Construction of the $65 million Wanek School of Natural Sciences at High Point University (HPU) in North Carolina is part of a campus transformation that began in 2005. The 127,417-sf Wanek building, which opened in August 2019 to house the biology, chemistry, and physics departments, is helping HPU meet the demand for more space to accommodate an increasing number of students and faculty.
Between 2005 and 2018, the number of undergraduate students grew from approximately 1,450 to 5,200, and the full-time faculty increased from 108 to 316. The campus has expanded from 92 acres to 460 and from 22 buildings to 112, resulting in a square footage increase from 650,000 to 3.5 million, with 70 percent of all buildings being constructed in the last 12 years. HPU’s operating budget has climbed 663 percent, from $38 million to $290 million, and the university’s economic impact in the region has jumped from about $160 million to more than $500 million.
“The university hired Nido Qubein as the new president in 2005 and has been on a rocket ship since then,” says Brian Augustine, professor and chair of the chemistry department. “We are not a major research university, but undergraduate research is an important part of our projects. We’ve been pushing over $1 million in grant applications, and the faculty are starting to receive more grants.”
As the numbers have increased, so has the need to offer high-quality facilities to support growing undergraduate programs, research initiatives, and new graduate programs in pharmacy, health sciences, and physicians’ assistant studies. Wanek is the latest addition to the university’s growing list of new facilities, with design features intended to meet the changing and extensive needs of users, and to offer the proper spaces and innovative amenities to attract top students and faculty.
Interdisciplinarity as a Guiding Principle
The Wanek building, rich with interdisciplinary spaces for faculty and students, is designed to disrupt the siloed approach of the outmoded facilities it replaces. The previous biology, chemistry, and physics buildings were outdated, with each discipline located on a separate floor, making interdisciplinary interaction rare.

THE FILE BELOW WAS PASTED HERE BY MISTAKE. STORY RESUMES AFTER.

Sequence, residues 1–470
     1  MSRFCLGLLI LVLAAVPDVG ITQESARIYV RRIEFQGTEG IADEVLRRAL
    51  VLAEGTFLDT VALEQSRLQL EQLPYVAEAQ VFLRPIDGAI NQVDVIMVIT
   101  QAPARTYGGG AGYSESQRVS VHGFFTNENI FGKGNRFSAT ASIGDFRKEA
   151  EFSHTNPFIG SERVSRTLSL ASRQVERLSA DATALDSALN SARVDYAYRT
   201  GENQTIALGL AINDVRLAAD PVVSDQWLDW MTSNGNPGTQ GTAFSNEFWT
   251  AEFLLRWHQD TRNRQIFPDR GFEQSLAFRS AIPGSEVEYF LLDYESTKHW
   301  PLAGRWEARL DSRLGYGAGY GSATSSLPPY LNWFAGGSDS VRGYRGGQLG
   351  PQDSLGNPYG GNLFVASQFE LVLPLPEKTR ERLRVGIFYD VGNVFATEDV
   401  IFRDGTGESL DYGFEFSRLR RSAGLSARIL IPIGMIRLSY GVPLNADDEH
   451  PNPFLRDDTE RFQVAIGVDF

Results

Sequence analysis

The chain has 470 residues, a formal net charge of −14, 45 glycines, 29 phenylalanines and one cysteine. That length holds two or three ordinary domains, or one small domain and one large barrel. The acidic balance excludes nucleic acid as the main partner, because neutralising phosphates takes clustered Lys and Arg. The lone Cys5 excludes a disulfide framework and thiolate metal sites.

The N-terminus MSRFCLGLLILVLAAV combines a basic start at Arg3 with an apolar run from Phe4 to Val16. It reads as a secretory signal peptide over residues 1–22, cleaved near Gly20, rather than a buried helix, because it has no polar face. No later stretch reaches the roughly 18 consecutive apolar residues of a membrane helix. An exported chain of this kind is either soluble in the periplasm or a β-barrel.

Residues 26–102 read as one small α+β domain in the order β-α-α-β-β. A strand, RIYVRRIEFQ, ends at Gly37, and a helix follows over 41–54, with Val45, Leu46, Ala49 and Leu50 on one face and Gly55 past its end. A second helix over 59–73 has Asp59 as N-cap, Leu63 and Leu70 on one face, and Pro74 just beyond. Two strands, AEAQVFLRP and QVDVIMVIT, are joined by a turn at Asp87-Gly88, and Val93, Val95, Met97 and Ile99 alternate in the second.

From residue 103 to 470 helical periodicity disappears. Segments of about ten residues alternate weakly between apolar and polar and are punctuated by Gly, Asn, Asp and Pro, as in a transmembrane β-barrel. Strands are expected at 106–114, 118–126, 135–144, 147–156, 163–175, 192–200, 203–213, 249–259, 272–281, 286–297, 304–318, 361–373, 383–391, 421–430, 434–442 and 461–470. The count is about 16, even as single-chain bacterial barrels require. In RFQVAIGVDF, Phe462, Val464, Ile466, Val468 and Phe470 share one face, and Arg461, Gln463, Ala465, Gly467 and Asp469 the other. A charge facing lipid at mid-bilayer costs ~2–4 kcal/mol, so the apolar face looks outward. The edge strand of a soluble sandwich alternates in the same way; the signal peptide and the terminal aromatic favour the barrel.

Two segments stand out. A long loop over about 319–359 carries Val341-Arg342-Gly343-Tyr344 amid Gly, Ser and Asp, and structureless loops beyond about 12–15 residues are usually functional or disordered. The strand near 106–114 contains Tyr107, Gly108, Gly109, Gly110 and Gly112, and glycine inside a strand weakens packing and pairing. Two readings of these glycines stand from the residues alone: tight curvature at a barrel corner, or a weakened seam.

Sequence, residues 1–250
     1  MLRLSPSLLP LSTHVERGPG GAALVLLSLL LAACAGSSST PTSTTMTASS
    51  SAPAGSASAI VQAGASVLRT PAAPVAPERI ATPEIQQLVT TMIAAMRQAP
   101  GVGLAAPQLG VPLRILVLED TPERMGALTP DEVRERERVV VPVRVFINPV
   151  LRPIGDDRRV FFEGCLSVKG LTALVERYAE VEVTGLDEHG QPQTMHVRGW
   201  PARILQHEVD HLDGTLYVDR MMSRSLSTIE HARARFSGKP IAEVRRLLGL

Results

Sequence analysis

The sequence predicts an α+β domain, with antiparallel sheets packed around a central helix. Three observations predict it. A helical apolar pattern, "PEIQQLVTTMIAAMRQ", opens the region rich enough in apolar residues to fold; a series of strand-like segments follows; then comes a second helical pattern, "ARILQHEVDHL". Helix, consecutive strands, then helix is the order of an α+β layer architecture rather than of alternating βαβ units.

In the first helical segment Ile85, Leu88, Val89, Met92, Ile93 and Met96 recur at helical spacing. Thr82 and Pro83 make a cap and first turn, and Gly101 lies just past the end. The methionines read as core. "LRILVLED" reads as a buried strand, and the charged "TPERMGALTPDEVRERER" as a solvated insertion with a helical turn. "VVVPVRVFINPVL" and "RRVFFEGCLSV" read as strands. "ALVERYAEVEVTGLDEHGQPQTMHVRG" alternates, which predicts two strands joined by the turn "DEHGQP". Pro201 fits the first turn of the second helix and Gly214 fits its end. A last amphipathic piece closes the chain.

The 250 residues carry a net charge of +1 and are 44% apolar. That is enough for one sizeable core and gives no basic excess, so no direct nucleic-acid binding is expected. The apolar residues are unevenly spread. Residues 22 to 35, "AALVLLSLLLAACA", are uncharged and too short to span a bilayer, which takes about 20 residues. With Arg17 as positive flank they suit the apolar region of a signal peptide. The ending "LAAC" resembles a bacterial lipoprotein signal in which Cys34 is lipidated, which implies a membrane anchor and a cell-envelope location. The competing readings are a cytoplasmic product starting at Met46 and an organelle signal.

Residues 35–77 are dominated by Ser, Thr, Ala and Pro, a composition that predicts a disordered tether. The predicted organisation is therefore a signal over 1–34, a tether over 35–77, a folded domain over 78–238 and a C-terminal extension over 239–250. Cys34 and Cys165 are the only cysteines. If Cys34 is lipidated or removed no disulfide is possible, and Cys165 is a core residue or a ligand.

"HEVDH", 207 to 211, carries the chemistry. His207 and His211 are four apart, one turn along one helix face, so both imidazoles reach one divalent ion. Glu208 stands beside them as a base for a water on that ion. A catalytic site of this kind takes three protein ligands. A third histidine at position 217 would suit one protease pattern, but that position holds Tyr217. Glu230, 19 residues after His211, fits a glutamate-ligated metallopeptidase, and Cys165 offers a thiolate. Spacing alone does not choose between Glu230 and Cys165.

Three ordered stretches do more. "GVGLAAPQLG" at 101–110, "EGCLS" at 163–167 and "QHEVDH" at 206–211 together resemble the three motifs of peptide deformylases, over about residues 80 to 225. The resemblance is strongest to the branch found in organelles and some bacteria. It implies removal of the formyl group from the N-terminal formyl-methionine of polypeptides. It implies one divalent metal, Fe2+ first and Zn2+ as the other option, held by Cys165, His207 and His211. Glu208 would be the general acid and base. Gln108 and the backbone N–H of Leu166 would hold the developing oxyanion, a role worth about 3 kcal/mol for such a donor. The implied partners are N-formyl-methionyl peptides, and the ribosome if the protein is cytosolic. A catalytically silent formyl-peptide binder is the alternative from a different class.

The university assigned faculty space at Wanek in a way that ensures the four suites of offices are interdisciplinary. A schematic illustration highlighting available offices was distributed to all faculty for consideration, along with a list of faculty ordered by tenure track, rank, and years of service at that rank. The person ranked in the first position chose his or her office first and then tagged the next person on the list to choose theirs.
“As they chose their office space, they listed the office number they selected next to their name, crossed it off the list, tagged the next person in line, and it went very quickly and pretty peacefully,” recalls Angela Bauer, dean of the Wanek School. “It was impressive how on-board faculty were with our interdisciplinary approach to assigning space. They chose offices based on the amount of space, or availability of a window, rather than being near their disciplinary colleagues. We anticipate the interdisciplinary office assignments will facilitate conversations about innovative course development and research collaborations.”
It was imperative for the new building to support such collaboration, so HPU planners began the design process by looking at the faculty’s research programs to determine overlap, where disciplines could share spaces and resources. It was determined that many faculty members in the subdisciplines of biochemistry and molecular biology are using similar techniques and can share space.
“We came up with a 3,500-sf open lab concept, where faculty and students have both assigned and shared spaces,” says Bauer. “There are 12 islands of assigned bench space located in the center of this large lab, but the emphasis is on the shared space located on the outer perimeter of the lab.”